The curriculum must be structured to create new skills bases with greater emphasis on flexibility, generic skills, entrepreneurial skills and the recognition of the importance of multi- and cross-skilling within the workforce. For example small and medium sized enterprises will become even more important in the future so the curriculum must fully recognise the essential skills that will be necessary i.e. put simply to prepare young people to be more enterprising, creative and innovative. These skills are not present in the heavily prescribed curricula and only figure in more specific programmes at college and university level. It is essential that these are fully integrated into programmes for all students whether at school, college or university. Themes that are critical and essential for coping with the new demands could include:
- Business skills especially at the setting up stage
- Managing self or lone employment
- Marketing a small business
- Financial literacy skills
- Greater awareness of economics and banking
- Knowledge of legal issues as it relates to running a business
- Greater competence in languages of key countries – customers and suppliers
- Greater awareness and knowledge of other countries’ business, manufacturing and services strengths including cultural aspects
- Problem solving skills
- The introduction to philosophy and philosophical concepts that will allow a more critical, logical, pragmatic and reflective view of life and work to be developed.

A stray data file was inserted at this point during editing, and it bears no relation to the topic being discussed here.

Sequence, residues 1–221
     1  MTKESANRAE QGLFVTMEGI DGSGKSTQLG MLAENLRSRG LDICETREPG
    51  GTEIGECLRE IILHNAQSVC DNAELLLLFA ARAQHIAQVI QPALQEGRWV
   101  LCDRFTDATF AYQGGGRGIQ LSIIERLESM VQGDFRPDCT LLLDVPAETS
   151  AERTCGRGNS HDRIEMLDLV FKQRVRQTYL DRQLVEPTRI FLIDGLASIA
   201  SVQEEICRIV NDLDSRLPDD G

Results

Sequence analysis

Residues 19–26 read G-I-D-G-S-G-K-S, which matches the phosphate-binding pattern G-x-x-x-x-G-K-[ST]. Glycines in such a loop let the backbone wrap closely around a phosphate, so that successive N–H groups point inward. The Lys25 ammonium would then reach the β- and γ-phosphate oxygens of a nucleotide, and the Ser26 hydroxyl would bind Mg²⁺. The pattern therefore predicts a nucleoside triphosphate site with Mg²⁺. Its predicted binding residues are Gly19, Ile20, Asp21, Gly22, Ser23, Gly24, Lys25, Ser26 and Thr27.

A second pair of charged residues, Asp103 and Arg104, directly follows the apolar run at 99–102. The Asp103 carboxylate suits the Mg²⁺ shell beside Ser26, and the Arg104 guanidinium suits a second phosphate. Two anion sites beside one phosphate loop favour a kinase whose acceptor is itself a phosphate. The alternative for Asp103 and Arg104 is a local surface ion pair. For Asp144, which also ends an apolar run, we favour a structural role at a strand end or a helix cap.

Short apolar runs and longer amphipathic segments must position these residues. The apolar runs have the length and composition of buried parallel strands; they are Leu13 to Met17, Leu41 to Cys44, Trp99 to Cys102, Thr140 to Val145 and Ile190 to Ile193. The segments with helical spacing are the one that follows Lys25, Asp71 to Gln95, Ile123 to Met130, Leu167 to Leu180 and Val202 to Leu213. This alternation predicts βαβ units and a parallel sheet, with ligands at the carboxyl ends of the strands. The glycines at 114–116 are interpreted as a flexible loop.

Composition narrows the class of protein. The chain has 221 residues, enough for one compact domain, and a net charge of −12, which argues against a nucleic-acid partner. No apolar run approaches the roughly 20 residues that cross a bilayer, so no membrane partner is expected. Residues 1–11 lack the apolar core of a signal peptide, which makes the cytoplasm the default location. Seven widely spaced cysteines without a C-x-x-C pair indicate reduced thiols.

To be even more effective the new programmes must be supported by vastly improved Careers Information, Advice and Guidance (CIAG) systems. In order to enable a young person to be better prepared for work increased emphasis must be given to work experience/shadowing/sandwich programmes and that employers are more involved at all stages of the education and training process.
Analysis of previous recessions affecting Britain offer few positive examples of major reforms as only too often governments and companies cut back on training and fail to adopt regenerative and effective long term strategies to develop and strengthen the skills of the workforce. Also they are prone to create short term schemes that achieve little or no long term benefit for the young people or the country. Wider societal elements also contribute to problems with the education and training of young people including the obsession with celebrity culture and the possible negative effects of media role models. The increasing desire for instant answers and the resultant tendency to invest less time in learning coupled with a decline in critical analysis as a result of the dependency on the internet can be problematic. But having said that young people are far more confident in exploiting the benefits of the new technologies and if the educational experience on offer recognises that they will be more aligned to the way these technologies impact on both the world of work and the work of the world.
The current situation will present governments and politicians with some major challenges but one aspect is critical and that is that all interested parties should be involved in the reviews and subsequent proposals including employers, the media, educational and training organisations and definitely the young people themselves. The reforms must be radical and fully recognise that the nature of education, training and work will be very different in the future so all parties must be prepared to bury past practices and ideologies in order to create a more promising future for young people. A country that fails to invest in its young people will also fail to succeed in the global economy.
First published on the City and Guilds Centre for Skills Development website-Autumn 2012.